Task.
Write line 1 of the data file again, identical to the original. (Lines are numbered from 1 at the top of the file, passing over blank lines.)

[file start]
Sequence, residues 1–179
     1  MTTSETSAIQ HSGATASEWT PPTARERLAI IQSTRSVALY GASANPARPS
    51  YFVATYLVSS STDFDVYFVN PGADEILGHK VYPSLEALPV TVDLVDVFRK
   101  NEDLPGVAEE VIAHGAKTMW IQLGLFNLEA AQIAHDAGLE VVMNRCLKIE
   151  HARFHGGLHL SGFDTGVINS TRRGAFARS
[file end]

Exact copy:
Sequence, residues 1–179